Increasing Awareness of Sleep Hygiene in Rotating Shift Workers: Arming Law-Enforcement Officers against Impaired Performance


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Abstract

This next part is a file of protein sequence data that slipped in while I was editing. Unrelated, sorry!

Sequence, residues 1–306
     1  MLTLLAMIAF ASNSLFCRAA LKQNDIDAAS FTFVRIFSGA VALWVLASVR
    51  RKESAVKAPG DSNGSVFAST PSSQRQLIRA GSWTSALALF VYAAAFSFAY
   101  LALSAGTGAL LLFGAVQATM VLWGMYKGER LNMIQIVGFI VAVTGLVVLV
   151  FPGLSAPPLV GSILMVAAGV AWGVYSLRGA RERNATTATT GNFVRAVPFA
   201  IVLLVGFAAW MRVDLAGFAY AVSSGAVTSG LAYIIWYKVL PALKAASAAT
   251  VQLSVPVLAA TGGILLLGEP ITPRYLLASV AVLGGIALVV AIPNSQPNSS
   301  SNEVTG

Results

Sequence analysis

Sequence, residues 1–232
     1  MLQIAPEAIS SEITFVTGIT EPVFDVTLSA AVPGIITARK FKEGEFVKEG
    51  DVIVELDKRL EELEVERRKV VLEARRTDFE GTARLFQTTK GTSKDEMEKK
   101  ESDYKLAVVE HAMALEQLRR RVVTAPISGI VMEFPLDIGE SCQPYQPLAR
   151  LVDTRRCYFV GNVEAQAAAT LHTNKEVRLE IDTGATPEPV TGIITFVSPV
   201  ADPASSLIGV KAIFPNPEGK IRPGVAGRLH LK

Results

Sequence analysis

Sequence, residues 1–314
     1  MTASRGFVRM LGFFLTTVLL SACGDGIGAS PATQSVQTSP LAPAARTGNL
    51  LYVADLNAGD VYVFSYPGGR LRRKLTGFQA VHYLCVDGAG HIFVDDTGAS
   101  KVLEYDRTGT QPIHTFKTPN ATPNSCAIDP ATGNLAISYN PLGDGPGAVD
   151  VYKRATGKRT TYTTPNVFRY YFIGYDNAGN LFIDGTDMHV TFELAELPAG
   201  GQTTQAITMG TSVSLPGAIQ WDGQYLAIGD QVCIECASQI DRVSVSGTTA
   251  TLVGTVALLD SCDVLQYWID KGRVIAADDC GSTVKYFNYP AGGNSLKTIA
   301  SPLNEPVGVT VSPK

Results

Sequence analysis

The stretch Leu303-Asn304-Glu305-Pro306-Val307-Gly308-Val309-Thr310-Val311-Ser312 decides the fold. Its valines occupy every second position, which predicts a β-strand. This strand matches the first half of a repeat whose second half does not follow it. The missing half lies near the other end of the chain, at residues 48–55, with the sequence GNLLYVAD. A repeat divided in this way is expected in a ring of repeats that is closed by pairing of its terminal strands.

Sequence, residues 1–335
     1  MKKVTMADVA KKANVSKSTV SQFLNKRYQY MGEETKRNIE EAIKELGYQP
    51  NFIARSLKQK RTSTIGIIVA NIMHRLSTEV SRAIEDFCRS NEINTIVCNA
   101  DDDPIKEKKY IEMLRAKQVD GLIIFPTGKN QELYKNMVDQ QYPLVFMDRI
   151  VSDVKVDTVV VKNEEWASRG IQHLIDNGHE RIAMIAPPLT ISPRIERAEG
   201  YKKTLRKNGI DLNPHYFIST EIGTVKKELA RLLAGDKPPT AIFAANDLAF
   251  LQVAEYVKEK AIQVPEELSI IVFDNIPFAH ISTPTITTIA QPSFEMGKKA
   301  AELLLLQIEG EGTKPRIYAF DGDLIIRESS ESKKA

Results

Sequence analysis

Research into the effects of rotating shift work on health, social, and performance indices suggests significantly more health concerns and judgement errors and poorer sleep patterns in shift workers on rotating versus nonrotating schedules. 31 male and 7 female law-enforcement officers voluntarily participated in a training session on sleep hygiene practices. On the Sleep Hygiene Awareness and Practice Scale administered prior to and after training were significant increases in awareness of sleep hygiene and knowledge of nicotine, caffeine, and hypnotics. We predicted that use of this knowledge would increase sleep satisfaction. However, 1-mo. follow-up scores on the Post-sleep Inventory of Webb, et al. reflected no change. It appears that scheduling demands, coupled with feelings of low self-efficacy toward managing those demands, resulted in little or no practice of sleep hygiene. A more productive approach may be to incorporate a comprehensive behavioral program within departments to instill and reinforce better practice of sleep hygiene.

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